PROBATE COURT WORK
Even thoughtful and carefully made estate plans can go wrong. Beneficiaries can come to loggerheads among themselves or with your successor trustee. An unexpected situation can arise that raises questions about the terms of your plan. Rules can change in ways that cause a trustee legitimate doubt about how to proceed. A trustee might make a truly bad decision, become incapacitated or simply fail to act.
California probate courts are uniquely empowered to deal with these issues. In an ordinary court of law, the judge must make decisions based on settled interpretations of the law. But the probate court is a court of equity, which means the judge has discretion to do whatever he or she thinks is fair (or “equitable”) in the situation. This is encouraging, on one hand, because probate judges usually work hard to determine what you intended when you made your plan. It is troubling, on the other hand, because probate court matters are usually decided by the judge, not by a jury, which means the judge’s personal world view can play heavily.
If your primary estate planning document is a will, then every aspect of administering your estate will be subject to court approval. One of the biggest advantages in using a trust is that the probate court should not be involved in your affairs. There is a disadvantage in this. If you want to ask for a court’s review of a trust matter, it can be difficult to get it in front of a judge.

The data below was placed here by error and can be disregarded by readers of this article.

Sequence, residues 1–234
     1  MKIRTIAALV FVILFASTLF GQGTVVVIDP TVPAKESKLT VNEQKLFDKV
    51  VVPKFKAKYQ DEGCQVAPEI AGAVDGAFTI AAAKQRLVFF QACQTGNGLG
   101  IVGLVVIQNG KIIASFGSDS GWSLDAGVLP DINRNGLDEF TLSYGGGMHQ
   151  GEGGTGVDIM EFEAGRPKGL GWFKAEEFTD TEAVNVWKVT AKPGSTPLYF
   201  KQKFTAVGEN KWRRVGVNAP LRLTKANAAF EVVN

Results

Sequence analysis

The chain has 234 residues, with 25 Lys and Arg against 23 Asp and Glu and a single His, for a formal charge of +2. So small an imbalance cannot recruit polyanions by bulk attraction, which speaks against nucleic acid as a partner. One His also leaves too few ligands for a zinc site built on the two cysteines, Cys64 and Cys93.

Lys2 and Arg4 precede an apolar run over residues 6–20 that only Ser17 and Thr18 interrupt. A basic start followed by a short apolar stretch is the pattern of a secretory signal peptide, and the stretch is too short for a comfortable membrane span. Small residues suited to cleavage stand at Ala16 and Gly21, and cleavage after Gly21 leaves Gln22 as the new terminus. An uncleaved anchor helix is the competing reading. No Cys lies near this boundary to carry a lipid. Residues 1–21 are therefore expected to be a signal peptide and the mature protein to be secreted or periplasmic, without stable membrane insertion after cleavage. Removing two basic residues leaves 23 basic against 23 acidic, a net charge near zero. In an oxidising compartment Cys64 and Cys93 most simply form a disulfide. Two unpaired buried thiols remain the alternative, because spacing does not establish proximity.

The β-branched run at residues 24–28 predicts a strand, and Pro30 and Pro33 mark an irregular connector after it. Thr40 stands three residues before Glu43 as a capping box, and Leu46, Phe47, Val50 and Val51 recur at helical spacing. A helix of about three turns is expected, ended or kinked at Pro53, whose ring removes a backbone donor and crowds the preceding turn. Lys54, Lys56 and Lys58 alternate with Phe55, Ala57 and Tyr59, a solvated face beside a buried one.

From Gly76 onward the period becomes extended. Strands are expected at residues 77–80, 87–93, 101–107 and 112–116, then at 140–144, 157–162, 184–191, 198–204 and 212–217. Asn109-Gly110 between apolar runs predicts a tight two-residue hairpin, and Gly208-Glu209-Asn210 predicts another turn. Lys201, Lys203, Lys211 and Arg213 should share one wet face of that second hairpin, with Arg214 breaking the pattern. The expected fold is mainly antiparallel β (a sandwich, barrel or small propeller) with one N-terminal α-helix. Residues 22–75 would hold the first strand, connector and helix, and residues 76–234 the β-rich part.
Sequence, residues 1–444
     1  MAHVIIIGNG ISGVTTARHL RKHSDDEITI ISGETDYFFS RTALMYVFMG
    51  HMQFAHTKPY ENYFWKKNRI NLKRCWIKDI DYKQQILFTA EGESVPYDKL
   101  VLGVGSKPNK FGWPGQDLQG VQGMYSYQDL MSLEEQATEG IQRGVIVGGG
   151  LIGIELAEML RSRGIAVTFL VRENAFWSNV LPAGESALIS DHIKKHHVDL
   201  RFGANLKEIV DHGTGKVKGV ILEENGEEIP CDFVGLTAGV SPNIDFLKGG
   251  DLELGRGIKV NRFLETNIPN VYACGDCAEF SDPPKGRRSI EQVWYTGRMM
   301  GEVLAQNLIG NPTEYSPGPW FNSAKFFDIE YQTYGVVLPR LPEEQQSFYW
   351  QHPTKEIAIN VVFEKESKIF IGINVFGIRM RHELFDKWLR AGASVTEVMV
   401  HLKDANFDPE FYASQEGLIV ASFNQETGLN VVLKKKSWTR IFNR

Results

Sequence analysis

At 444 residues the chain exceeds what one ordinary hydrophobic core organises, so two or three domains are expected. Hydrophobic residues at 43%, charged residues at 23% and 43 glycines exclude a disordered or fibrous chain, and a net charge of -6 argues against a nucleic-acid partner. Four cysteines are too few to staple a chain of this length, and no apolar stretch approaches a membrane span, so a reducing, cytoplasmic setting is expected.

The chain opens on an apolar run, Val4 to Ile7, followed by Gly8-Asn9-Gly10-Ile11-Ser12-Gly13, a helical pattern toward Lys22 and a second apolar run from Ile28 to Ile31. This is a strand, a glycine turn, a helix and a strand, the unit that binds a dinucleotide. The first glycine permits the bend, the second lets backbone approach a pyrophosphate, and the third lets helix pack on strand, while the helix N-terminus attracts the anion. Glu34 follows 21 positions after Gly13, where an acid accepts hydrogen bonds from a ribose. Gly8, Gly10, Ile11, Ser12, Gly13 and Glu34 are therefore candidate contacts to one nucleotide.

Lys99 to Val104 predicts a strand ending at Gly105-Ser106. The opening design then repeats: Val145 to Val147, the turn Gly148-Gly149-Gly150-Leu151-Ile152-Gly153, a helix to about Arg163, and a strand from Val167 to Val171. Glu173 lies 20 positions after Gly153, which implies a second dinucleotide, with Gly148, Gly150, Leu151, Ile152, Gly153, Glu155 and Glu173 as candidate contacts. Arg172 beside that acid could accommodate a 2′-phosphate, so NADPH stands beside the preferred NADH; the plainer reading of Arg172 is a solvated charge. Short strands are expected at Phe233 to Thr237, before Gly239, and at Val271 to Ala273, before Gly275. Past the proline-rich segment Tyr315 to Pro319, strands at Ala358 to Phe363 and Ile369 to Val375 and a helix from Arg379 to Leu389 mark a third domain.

Here are some common probate court proceedings with which we can help.
Petition for Instructions. The California Probate Code allows a beneficiary or a trustee to file a petition asking the probate court to give instructions about the operation of a trust. These petitions often address situations that simply are not covered in terms of the trust, as when a beneficiary develops a substance abuse problem and it no longer seems wise to distribute substantial assets to that beneficiary. But these petitions are also useful when interested parties disagree about how a particular issue should be resolved. For example, one beneficiary might want a piece of real estate in the trust sold, but another beneficiary wants it preserved.
Accountings by a Trustee. Trustees are required to keep all beneficiaries informed of the financial status of the trust. They are required to give certain beneficiaries detailed reports about the cash flow of a trust. When a trustee refuses to give the required accounting information, beneficiaries can ask the court to order the trustee to account.
Protective Proceedings. One of the top objectives of estate planning is keeping your affairs out of court, but sometimes involving a court is the best way to protect a person’s interests. An aging family member who has become unable to make responsible choices is at risk of abuse, and a conservatorship may be the family’s best alternative for avoiding such abuse. If a conservator is appointed, then he or she can bring the authority of the court to bear in efforts to reverse or prevent financial elder abuse.
Trust Contests. Sometimes, it is not clear which documents accurately reflect a person’s intentions. Sometimes, a set of documents are obtained through undue influence, duress or menace. Sometimes, a person’s mental capacity begins to diminish and he or she signs conflicting instructions. When it is not clear which instructions should be followed, the situation becomes a trust contest, as beneficiaries and/or trustees take different positions.